The 27% Winner Speaks: Buy Steel

03/04/2011 11:34 am EST


Ken Kam

CEO, Marketocracy, Inc.

Sell gold and buy steel. This may be the new strategy of the year, at least according to an expert who has averaged 27% returns for the past six years. In an exclusive interview with, Marketocracy founder Ken Kam explains how his Web site, which tracks the portfolios of talented amateur investors, discovered this market maker’s winning approach.   

Could you tell us a little more about this person, and what he’s doing?

This person’s name is Tim Siegel. He’s a patent attorney who lives in Washington. He’s got a six-year track record with us, where he’s averaged about 27% a year. So, he’s not at the top of the list, but he’s way up there.

I’ll take it.

I’d take it, too. A lot of people would. What’s interesting about what he’s doing now is that some of his biggest winners the past few years have come from betting on gold companies. As the price of gold has risen, he’s done fantastically well.

So, he believes now that everybody has discovered this. It’s no longer a secret. The price of gold has already risen. Whatever analyst coverage there is, is giving universal buy signals.

So how many gold-mining companies does he own now?

That’s the interesting thing about him. He doesn’t buy them all. He buys the one that he thinks is the best value. The one he picked was Allied Nevada Gold (NYSE: ANV).

And the reason he picked it was because when he did, it had no analyst coverage, and their mines were not producing. So, say you have a gold mine, but there’s no gold coming out of it—a lot of people wonder whether you have anything of value.

Now, that was five years ago, when the price of gold was closer to $400. As the price of gold has risen, it’s become economic to reopen the mines and mine them again. So, the risk that the mines have gold has been eliminated.

When he bought it, there was no analyst coverage. Now there are ten analysts that cover it, and they all recommend strong buy. The stock has more than quadrupled over that period.

And he’s selling.

And now he’s selling.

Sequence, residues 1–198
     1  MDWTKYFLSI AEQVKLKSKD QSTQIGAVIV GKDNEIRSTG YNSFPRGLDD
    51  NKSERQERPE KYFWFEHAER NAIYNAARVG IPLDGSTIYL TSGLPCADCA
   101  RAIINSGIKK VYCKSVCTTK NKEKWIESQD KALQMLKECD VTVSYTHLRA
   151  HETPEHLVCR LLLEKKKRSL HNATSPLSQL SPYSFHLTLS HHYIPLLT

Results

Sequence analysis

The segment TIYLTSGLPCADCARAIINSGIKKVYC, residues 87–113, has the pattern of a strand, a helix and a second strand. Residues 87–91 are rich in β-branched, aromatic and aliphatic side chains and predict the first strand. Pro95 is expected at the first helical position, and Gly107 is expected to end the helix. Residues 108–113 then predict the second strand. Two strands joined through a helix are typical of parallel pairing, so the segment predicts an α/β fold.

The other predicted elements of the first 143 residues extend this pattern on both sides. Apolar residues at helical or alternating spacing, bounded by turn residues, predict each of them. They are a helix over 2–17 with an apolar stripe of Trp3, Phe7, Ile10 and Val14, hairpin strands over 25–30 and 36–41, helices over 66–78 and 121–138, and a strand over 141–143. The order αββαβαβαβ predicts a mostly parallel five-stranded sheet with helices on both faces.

Okay. So, he’s taking the money and putting it into steel?

That’s right. He’s buying AK Steel (NYSE: AKS).

The reason he’s doing it is because steel had a terrible year last year. AK Steel had a particularly terrible year, in conditions that were so chaotic that they were actually selling steel for less than it cost them to make it for a period.

How’s that possible for a commodity?

Well, it’s possible because the price of iron ore is set at the beginning of the year. Last year, prices were changing so quickly that they weren’t able to know what the final price was going to be until after they had to agree to deliver at a certain price.

That situation has totally changed now. So, the losses that they reported last year are unlikely to be repeated.

One additional factor: He sees the US economy picking up steam again, and steel is one of these things that’s expensive to ship across the ocean. So, it gives an advantage to domestic producers.

We still import 20% of our steel here, so there’s a tremendous amount of growth that a good, efficient domestic producer can experience if things change just a little bit in its favor. That’s what he sees in AK Steel.

What about the analyst coverage on that?

Universally negative. They don’t call it the “Rust Belt” for nothing.

So, this is the kind of stock that he likes at this point.

Yes. I think in general what I have seen him do well is pick stocks that no analysts cover, and then sell them when it picks up a lot of analyst coverage and everybody is recommending it as a strong buy.

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